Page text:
Vizsladogs, Ltd.

Overcoming Problems
with the Recall Command
By Lea Cogley from Melbourne Australia

There are other factors that influence recall training and one of these is the approx. 7-month and approx. 14-month juvenile periods. Puppy is no longer a baby, not yet an adult. The reproductive system is developing, seasons are imminent as is the testosterone surge that goes with male 12 month male maturity process. The startle reflex is developing, warning barking manifests. The urge to explore is strong and where a good recall may have been thought to be cemented, the pup now does not 'hear' when you call or decides deliberately to go the other way when you call. You will notice a distinct turn of the head when you call. In anthropomorphic or human terms, the dog _decides_not to come. If this period occurs and the owner has not noticed, the recall becomes unstable, to non-existent as the pup grows. You then have an adult who chooses not to come, especially when the distraction is more powerful than any motivation you may offer.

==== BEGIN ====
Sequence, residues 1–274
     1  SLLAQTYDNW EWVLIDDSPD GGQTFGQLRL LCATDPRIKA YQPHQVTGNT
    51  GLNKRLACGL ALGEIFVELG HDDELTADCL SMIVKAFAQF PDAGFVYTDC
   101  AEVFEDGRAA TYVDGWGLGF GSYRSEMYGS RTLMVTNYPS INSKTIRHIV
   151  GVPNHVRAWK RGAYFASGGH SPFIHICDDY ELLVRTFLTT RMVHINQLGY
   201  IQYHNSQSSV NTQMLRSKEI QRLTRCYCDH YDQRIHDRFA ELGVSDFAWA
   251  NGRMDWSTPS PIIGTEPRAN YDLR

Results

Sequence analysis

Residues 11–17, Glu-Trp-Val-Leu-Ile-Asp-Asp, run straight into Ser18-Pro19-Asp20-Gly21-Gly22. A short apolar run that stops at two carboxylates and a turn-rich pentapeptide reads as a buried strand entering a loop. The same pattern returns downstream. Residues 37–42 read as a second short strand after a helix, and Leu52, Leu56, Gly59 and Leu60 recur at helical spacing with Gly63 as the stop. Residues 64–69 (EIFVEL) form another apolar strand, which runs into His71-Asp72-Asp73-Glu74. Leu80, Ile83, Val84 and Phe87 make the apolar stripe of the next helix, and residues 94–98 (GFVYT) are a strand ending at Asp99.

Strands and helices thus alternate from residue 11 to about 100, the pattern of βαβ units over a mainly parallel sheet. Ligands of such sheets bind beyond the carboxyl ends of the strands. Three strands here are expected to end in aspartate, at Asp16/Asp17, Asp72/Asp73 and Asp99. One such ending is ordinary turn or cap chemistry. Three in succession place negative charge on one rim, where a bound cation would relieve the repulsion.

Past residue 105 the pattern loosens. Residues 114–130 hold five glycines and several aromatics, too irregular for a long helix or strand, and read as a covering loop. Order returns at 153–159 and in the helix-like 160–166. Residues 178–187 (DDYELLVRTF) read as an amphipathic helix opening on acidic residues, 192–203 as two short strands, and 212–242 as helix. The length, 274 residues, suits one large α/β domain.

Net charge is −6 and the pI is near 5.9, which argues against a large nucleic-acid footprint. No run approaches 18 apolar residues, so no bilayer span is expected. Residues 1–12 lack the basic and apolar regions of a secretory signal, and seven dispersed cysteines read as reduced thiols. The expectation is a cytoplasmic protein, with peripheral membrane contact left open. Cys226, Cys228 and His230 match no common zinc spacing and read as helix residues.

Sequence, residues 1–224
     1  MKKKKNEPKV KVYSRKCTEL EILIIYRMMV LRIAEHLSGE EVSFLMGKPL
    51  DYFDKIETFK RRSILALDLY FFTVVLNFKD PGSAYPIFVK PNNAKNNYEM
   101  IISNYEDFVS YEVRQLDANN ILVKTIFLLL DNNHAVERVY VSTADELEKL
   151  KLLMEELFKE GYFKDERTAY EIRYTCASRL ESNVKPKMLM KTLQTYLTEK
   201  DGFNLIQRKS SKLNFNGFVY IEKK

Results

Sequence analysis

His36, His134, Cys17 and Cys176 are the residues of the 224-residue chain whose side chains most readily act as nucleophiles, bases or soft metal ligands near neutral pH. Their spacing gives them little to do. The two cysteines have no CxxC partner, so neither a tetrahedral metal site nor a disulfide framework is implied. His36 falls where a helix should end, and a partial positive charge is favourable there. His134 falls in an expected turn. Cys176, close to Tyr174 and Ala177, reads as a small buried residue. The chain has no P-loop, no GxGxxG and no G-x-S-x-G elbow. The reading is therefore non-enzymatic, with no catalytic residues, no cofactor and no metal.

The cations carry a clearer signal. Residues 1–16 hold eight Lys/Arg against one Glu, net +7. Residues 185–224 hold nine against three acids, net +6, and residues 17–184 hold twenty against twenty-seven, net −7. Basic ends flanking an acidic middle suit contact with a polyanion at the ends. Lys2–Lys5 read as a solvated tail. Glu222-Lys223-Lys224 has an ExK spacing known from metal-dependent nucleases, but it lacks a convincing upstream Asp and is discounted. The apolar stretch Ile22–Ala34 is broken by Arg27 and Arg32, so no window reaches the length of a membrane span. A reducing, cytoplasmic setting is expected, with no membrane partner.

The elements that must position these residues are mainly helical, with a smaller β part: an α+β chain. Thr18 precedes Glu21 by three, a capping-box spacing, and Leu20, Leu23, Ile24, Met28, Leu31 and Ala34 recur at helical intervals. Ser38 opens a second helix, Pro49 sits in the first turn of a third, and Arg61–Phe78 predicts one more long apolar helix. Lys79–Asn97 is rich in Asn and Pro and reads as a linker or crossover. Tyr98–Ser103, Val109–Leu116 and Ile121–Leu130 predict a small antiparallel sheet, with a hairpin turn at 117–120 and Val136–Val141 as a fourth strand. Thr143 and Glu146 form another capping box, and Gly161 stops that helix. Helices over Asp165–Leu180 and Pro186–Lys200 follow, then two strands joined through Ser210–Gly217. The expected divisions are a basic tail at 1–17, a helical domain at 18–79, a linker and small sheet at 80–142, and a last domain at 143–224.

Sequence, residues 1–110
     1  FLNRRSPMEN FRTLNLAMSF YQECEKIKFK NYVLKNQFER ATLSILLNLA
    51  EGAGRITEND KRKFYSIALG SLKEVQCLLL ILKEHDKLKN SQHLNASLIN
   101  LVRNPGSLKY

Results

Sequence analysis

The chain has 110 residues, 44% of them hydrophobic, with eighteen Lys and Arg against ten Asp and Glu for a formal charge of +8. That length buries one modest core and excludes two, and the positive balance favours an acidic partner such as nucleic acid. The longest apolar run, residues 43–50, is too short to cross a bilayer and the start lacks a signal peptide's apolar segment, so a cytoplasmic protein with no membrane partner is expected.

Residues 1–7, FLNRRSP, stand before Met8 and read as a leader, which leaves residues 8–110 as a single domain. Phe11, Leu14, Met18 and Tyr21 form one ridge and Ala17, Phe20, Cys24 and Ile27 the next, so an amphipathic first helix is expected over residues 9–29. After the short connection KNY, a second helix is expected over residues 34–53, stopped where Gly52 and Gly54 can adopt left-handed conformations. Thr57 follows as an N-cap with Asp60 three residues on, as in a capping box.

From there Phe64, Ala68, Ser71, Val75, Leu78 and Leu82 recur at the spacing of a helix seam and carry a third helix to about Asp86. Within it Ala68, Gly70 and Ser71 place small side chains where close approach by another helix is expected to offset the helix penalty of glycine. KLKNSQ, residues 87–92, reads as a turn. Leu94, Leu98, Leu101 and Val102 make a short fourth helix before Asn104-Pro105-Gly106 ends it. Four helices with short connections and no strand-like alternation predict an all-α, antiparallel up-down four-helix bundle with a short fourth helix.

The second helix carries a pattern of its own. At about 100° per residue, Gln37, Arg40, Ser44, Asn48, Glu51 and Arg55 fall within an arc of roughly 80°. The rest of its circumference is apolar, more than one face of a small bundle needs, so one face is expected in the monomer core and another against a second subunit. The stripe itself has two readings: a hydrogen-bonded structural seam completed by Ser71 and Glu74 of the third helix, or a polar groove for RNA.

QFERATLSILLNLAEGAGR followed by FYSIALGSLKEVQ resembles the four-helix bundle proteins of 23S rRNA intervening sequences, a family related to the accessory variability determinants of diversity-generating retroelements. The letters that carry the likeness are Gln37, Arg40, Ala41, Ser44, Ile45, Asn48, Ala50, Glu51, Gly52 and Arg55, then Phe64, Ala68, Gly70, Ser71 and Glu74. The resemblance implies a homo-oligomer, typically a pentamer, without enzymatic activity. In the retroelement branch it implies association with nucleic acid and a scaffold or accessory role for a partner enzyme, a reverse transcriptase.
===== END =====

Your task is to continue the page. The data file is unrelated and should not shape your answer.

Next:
What to do? Try letting the pup/dog drag a 15 meter light line whenever you are in a situation where the pup might ignore your command, particularly in high stress or distraction situations. Around the house, let the dog drag a lead (under supervision of course) Stay within the 15 meter or lead length line. Do not pick up the lead/light line. Simply place your foot on it when puppy is about to abscond or ignores your command to come. Do nothing. Pup will play out to the end of the line and be prevented from going further. Once the line has played out, enthusiastically call the dog, click head turning, better yet, movement towards you, reinforce the good behaviour and keep repeating. Next step is to not put your foot on the line, call and click head turning/response toward you, bob down and throw your arms wide and welcome the dog for coming. Have a fun game or gentle cuddle depending on your dogs personality. Make coming worth the dog’s effort. Make yourself worth coming too, no anger or threatening gestures with your body. Release with a command e.g.. free or play and repeat until the dog is beyond contention. Practice in all situations. Do not go after the dog if it doesn't come. Talk to a tree, don't worry about the men in white jackets, talk to the ground, sit down and inspect a piece of branch,leaf. Tickle the dogs curiosity and when he comes to investigate, invite him into your game. It can be handy to have a long cotton line/very long flexi-lead while in the park. Horse lunging ropes are very good. Dog obtains free run, you retain control if a dog advances towards you that you don't like the look of. Your dog is prevented from inappropriate behaviour towards other dogs. You might try attaching the lead to the dead ring of the correction chain or to the “D” buckle of the collar. Once the dog understands that you are the leader and that he/she has no choice but to come, lay the long lead down on the ground but do not clip it to the lead. My favourite is a half martingale collar of cloth. The dog cannot panic and slip its head out of the collar yet the hold is a gentle one if the dog pulls. Most household owners or pet dogs do not develop the recall enough to be effective in all circumstances. The long lead is an interim method that gives comfort to pet owners, effectively cuts off escapism behaviour (burst for freedom) and allows the dog to run semi-free, investigate but still be under control. Pet owners need to still practice recalls to put the dog beyond contention when it comes to responding to the recall command. With practice, the recall is one of the most effective communicators with your dog. Correct leadership, trust and affection between dog and handler are never more evident than during this life saving exercise.

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